The BLAST-based analysis of serum antibody repertoire described above can identify the linear epitopes but will miss mimotopes that mimic the non-linear protein or carbohydrate epitopes. To identify all the motifs recognized by serum antibodies that represent linear and non-linear epitopes we analyzed the lists of peptides using MEME software available online http://meme.sdsc.edu/meme/cgi-bin/meme.cgi. Figure 2 shows the three motifs identified by MEME for the each PAP antiserum. For the PAP1, PAP2 and PAP3 antisera, the most represented motifs were related to the NFTLPSWA and QHEPYPL sequences of the PAP protein. For the PAP4 serum that did not produce significant matches to the PAP protein by BLAST analysis, all three motifs were represented equally.

thumbnail
Figure 2. Motifs identified by MEME software for the 500 peptide lists for the PAP1, PAP, PAP3 and PAP4 antisera.

https://doi.org/10.1371/journal.pone.0067181.g002

We also used MEME software to analyze the sequences of proteins that had been selected as the candidate antigens for the PAP1, PAP2 and the PAP3 sera based on their higher final score compared to the PAP isoforms. The MEME analysis identified the same motifs related to the NFTLPSWA and the QHEPYPL sequences of the PAP protein (Figure 3), suggesting that the PAP1, PAP2 and PAP3 sera could cross-react with these proteins.

thumbnail
Figure 3. Motifs identified by MEME software for the top candidate antigens selected for the PAP1 and PAP3 antisera.

Motifs for the antigens are related to the motifs identified for the corresponding top 500 the most abundant peptides.

https://doi.org/10.1371/journal.pone.0067181.g003

We also analyzed the PAP protein sequence using available online tool for linear epitope prediction http://sysbio.unl.edu/SVMTriP/prediction.php. The software based on the Support Vector Machine algorithm predicted existence of three linear epitopes within the PAP sequence (Table 2). Although the NFTLPSWA sequence was not included in any of the predicted epitopes, the epitope predicted with the highest score included the QHEPYPL sequence recognized by the PAP3 antiserum. Another predicted epitope contained the match to the peptide NTTNSHG from the PAP3 list, which retrieved the PAP isoforms by the BLAST searching of the peptide sequence against human refseq_protein database.

Validating the SAS Results of Mouse Sera Profiling Using the Anti-peptide ELISA

To prove that the sequences identified by the SAS method represent the real linear epitopes recognized by serum antibodies, we analyzed PAP-specific antisera by ELISA using peptide library consisting of 20-mers that overlap by 10 amino acids and span the mature human PAP amino acid sequence. As shown in Figure 4, PAP1 and PAP2 antisera recognized 20-mer peptide containing the NFTLPSWA sequence, and PAP3 antiserum recognized the 20-mer peptides containing the QHEPYPL sequence. The analysis of PSA-specific antisera by ELISA using the overlapping peptides representing the PSA proteins did not identify any peptide that had a signal significantly higher than that for the background binding (not shown) thus confirming the lack of recognition of linear epitopes of the PSA in the analyzed PSA-specific antisera.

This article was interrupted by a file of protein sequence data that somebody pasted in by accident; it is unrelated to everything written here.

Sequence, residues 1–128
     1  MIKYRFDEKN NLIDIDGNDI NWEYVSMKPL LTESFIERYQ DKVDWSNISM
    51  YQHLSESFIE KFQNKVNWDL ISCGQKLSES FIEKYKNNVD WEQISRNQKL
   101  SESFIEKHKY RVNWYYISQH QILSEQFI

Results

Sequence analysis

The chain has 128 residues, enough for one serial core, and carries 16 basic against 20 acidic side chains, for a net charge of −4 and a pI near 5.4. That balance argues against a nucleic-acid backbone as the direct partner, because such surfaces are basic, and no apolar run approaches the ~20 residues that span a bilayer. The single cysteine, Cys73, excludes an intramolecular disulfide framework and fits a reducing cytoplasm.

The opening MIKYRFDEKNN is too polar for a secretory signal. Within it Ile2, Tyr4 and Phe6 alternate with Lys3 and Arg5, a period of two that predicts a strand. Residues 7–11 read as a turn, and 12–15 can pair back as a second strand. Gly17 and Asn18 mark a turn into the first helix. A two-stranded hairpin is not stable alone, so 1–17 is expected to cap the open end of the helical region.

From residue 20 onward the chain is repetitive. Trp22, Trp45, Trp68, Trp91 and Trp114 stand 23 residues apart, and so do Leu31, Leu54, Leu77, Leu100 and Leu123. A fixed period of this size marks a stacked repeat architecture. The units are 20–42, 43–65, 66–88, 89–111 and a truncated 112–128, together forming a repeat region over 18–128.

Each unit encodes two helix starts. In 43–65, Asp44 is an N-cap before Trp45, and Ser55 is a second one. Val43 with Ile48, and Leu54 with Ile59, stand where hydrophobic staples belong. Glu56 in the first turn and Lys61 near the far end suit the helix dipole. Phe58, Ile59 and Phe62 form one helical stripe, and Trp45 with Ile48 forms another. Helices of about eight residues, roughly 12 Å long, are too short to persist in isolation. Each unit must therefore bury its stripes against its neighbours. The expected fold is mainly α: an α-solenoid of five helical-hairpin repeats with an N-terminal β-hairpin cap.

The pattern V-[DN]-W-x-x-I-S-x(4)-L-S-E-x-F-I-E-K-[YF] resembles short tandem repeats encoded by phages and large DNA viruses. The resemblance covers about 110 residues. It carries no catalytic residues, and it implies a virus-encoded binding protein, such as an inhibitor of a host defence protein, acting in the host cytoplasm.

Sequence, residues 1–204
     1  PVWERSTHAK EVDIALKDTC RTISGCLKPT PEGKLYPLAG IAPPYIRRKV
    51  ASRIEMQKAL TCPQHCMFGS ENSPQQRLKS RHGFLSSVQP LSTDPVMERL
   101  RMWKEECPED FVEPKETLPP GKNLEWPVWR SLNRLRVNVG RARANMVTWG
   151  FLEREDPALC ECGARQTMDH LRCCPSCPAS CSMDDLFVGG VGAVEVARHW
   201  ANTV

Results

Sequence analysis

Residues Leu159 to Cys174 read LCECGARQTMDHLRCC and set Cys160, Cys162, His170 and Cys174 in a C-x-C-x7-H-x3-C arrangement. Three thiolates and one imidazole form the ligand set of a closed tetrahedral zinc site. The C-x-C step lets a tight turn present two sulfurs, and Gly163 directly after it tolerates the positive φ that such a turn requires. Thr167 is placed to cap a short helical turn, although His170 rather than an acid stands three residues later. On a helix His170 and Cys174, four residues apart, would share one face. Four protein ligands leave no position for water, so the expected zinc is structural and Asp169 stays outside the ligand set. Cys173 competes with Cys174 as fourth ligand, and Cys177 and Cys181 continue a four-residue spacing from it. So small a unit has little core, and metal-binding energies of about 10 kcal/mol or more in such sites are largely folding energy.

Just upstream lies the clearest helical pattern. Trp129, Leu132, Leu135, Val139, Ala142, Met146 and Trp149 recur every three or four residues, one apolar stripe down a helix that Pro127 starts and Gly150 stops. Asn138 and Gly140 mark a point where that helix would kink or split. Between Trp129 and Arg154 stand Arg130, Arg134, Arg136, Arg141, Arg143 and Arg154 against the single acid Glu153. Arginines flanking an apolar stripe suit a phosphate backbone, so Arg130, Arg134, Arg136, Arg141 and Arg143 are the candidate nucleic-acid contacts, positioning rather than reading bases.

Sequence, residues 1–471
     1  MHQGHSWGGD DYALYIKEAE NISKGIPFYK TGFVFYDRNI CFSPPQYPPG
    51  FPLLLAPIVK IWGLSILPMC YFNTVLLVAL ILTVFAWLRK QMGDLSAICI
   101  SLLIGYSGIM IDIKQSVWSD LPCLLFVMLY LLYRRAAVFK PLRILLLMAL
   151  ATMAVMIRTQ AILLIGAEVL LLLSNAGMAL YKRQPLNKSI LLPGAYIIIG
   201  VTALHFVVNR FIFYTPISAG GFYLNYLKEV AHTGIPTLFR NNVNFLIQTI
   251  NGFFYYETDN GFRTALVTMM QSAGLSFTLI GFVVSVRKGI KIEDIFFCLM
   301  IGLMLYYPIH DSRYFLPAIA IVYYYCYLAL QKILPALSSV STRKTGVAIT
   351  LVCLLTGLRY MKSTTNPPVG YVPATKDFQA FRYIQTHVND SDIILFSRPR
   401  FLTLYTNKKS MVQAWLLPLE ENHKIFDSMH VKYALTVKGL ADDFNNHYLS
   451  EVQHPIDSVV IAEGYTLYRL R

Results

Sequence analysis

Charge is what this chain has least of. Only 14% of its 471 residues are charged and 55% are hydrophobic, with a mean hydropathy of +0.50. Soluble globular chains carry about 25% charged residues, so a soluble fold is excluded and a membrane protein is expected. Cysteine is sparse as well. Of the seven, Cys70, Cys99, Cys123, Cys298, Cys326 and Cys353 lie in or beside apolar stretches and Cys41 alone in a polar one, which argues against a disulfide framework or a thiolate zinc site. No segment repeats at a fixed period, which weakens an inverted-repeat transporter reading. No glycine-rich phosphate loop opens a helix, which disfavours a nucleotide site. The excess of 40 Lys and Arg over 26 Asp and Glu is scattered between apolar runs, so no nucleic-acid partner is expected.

thumbnail
Figure 4. Epitope mapping for human PAP-specific antibodies from four immune sera samples

The reactivity of 4 mouse PAP-specific immune sera (PAP1, PAP2, PAP3 and PAP4) was tested by ELISA using a library of overlapping 20-mer peptides that span the entire amino acid sequence of human PAP. Base1 and base 2 samples derived from naïve mice served as negative controls. The results for the PAP protein region corresponding to amino acids 193–362 are shown.

https://doi.org/10.1371/journal.pone.0067181.g004

Analyzing Antibody Repertoire of Human Serum

The described analysis of mouse sera using SAS demonstrates that the method can identify the antigen used for immunization, when the immune response involves recognition by serum antibodies of linear epitopes of the antigen. Next we wanted to evaluate the capability of the method to identify autoantigens recognized by serum antibodies produced in the absence of immunization. We analyzed a serum sample from the metastatic melanoma patient, assuming that the serum of a cancer patient can contain autoantibodies against proteins which are overexpressed or aberrantly expressed in tumor cells and had been exposed to the immune system due to tumor cell death. For the serum antibodies of the melanoma patient we identified the 500 most abundant peptides which were not shared with the list of peptides corresponding to the serum sample from a healthy donor. To identify the candidate autoantigens recognized by serum antibodies of the melanoma patients we used the same algorithm as we did for identifying the antigen used for immunization of mice. Table 3 shows the top 10 proteins ranked according to the final score calculated using the bl2seq program for the 500 most abundant peptides. The protein Mast Cell Carboxypeptidase A Precursor (CPA3), which had the highest final score, produced matches to the 52 peptides with the sum of scores equal 917.3. Of these peptides more than half (27) were aligned against a single site with the cumulative score equal 575.4 (Figure5). This score was comparable to the scores corresponding to the major epitopes recognized by mouse sera on the PAP molecule. To test if the serum antibodies of the melanoma patient will recognize the whole CPA3 protein we analyzed the 293T cells lysate (purchased from the origene.com) overexpressing the recombinant CPA3 protein using Western blotting. As shown in Figure 5, serum from the melanoma patient but not from the healthy donor reacted with a protein band corresponding to the size of the CPA3 protein in the 293T cells lysate overexpressing the recombinant CPA3 protein. No reactivity was detected in the control 293T cells lysate.